Autopilot Coupled Missed Approaches

For most GA instrument pilots, the event that causes the most surprise and stress is an unexpected missed approach.  Don’t we all just make the automatic assumption when we listen to the METAR and hear the ceilings reported above the MDA or DA that we will see the runway?  With that glass half full mindset, arriving at the minimums and not seeing the runway can be quite a surprise, leading to possible unsafe operations below the MDA or DA.  Having an autopilot that can handle the missed approach flying while the pilot cleans the plane up can be an excellent resource.

First, a note on mindset.  In IFR training, I teach pilots personal minimums.  I want all my customers to set ceiling and visibility personal minimums that are above the MDA or DA to help with the go/no-go decision.  Most of my customers have personal minimums in the 600-1000 AGL range and 2-6 mile visibility range.  Those are good, safe numbers that give wiggle room above most minimum altitudes on approaches.  Going into the mountains, these personal minimums need to change due to the fact that a lot of mountain approaches have very high minimums, sometimes in the 2000-3000 AGL range.  These approaches also have much more complex missed approach procedures.  I would recommend a 5000 AGL ceiling personal minimum for anyone going into Aspen, Eagle, or Heber, Utah.

With personal minimums in a pilot’s (electronic) flight bag, this leads to a mindset shift when listening to a METAR.  First, if the ceiling is below the pilot’s personal minimums, some pilots call off the approach and go to the alternate.  If the pilot isn’t quite that cautious, but the AWOS is reporting ceilings below 500 AGL but above minimums, I teach my customers to plan on going missed.  If the mindset is, “I’m going to be flying the missed approach”, then a pilot is much more prepared for the missed approach procedure.  Then, if the runway comes into view above the MDA or DA, it’s much easier to a pilot to adjust the mindset from missed approach to landing, rather than vice versa.  Plus, pilots “get on their game” if you will, when a “real deal” approach is being conducted and a missed approach is planned for.

Now, onto autopilots.  In a Cirrus with the GFC 700 autopilot and anything equipped with a Garmin GFC 500 or 600 autopilot, pushing the Go Around button at the minimums leaves the Autopilot coupled.  It does not shut off.  This technology has also made it’s way into most airplanes that have the G1000 NXi (I flew a TBM earlier this week where the autopilot stayed coupled when the Go Around button was pushed).  The Flight Director pitches up to a climb pitch attitude and goes into GA mode, keeps the wings level, then the pilot just has to add power, clean the plane up and press the NAV button on the AP controller.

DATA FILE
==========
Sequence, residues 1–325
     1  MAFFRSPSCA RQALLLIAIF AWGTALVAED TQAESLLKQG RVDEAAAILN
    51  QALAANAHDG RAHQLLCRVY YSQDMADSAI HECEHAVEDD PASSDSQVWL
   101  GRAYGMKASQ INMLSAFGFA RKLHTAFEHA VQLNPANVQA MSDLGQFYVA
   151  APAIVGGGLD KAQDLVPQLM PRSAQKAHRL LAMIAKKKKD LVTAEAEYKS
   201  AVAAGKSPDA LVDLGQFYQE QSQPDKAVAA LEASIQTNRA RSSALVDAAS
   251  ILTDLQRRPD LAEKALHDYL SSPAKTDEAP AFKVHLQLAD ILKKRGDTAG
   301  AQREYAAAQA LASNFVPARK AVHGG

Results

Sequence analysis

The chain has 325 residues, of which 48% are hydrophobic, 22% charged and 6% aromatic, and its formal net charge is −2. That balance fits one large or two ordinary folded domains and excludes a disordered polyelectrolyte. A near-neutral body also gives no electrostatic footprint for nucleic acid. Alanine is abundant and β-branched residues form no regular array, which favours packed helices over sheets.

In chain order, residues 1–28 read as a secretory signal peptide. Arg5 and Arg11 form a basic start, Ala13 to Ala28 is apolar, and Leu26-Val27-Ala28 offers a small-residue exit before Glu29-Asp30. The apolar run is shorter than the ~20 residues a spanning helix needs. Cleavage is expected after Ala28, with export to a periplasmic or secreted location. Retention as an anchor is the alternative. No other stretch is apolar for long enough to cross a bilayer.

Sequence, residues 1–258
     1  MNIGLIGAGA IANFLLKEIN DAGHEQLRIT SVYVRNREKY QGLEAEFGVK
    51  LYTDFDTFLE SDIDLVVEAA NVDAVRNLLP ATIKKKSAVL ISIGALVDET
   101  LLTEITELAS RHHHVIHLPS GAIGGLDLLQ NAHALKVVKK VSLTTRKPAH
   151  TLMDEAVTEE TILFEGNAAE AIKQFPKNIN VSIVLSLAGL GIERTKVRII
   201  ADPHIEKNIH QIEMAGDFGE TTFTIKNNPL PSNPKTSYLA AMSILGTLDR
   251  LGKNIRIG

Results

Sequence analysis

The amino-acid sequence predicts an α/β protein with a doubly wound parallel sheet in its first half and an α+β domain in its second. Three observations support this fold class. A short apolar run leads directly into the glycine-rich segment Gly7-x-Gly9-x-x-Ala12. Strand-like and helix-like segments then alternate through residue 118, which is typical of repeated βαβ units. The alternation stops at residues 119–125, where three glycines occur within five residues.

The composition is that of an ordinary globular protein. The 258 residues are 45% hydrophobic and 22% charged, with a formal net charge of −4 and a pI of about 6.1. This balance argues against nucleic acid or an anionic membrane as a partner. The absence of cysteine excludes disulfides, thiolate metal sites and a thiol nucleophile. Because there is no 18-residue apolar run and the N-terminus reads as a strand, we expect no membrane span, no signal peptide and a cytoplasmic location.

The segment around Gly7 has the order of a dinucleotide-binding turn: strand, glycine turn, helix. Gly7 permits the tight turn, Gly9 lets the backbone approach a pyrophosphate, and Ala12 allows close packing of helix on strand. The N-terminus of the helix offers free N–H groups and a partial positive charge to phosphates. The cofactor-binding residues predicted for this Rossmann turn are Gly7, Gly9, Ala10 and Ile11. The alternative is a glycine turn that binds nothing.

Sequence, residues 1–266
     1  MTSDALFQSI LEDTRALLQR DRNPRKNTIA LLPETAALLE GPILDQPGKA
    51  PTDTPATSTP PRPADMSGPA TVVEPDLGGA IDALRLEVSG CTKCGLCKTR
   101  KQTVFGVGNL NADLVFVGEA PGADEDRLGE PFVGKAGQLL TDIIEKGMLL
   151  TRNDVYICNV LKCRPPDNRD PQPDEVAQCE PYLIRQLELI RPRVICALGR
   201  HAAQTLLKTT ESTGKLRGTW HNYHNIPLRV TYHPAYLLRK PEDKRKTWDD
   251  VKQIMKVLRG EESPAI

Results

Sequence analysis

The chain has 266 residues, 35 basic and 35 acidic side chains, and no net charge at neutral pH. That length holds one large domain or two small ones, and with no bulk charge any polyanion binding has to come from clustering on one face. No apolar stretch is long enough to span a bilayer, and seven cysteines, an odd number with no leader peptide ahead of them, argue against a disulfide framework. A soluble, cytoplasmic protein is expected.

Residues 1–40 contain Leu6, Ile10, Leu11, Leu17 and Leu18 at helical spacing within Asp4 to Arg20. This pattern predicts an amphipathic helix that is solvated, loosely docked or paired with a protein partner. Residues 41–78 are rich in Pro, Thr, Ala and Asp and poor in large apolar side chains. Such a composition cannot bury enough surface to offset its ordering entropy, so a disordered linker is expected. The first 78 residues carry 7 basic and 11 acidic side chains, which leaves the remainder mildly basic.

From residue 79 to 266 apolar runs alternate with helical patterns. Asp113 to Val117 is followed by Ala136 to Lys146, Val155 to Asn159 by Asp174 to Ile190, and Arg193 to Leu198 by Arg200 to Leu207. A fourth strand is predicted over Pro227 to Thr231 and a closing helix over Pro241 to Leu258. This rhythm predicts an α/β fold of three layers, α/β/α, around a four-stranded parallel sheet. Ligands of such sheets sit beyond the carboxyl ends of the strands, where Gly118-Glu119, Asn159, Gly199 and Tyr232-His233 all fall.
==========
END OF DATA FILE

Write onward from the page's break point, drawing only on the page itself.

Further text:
One common autopilot that has become popular in the last 10 years is the Avidyne DFC 90 autopilot.  This is a great autopilot as it’s a slide in replacement for the STEC 55x, which was not a great autopilot.  The DFC 90 is a digital autopilot certified for the Cirrus, Beechcraft Bonanzas, the Cessna 182 and the Piper PA46-350P Mirage and PA46-350T Matrix.  The autopilot utilizes a digital signal from either a Garmin G500/G600 TXi, Avidyne PFD or an Aspen PFD.  It is not compatible with the Garmin G1000.

There is no Go Around button for the Avidyne DFC 90, but there is a way to stay coupled when flying a missed approach.  All autopilots are programmed to follow a glide slope and not level off, which means, even if the pilot puts an altitude in the Altitude Select box, altitude capture will not arm when the autopilot is in GS mode.  Basically, if the AP is flying a glide slope, it will fly the airplane into the ground unless the pilot stops it.  

The trick on the DFC90 is just above the MDA or DA, push the ALT button on the AP controller to capture whatever altitude the plane is at.  The autopilot then levels off the airplane, but stays in the lateral NAV/APPR mode.  The pilot then has to add power so as not to stall, clean the plane up (flaps and gear), then, based on whatever GPS unit is installed, activate the missed approach procedure.  Since the autopilot is still in NAV/APPR mode, once the missed approach procedure is activated, the autopilot will keep tracking the course.  The pilot then engages IAS mode and sets the missed approach altitude in the altitude select box, and away it goes.  

A lot of glass panel airplanes have the ability to input minimums somewhere on the PFD.  Always do this because when the airplane reaches the minimums that are input, a verbal call will come through the headset saying “minimums!”.  This is the cue to press the Go Around button (Garmin Autopilot) or push the ALT button (Avidyne DFC90).  

One note:  all early G1000 airplanes that had the GFC 700 autopilots (with the exception of the Cirrus) do not stay coupled when the Go Around button is pressed.  So, for those Cessna, Mooney, Beechcraft and Piper owners who have the legacy G1000 units with the GFC 700 Autopilot installed, pushing the Go Around button turns off the autopilot and the pilot must start hand flying the airplane.  Be Ready!

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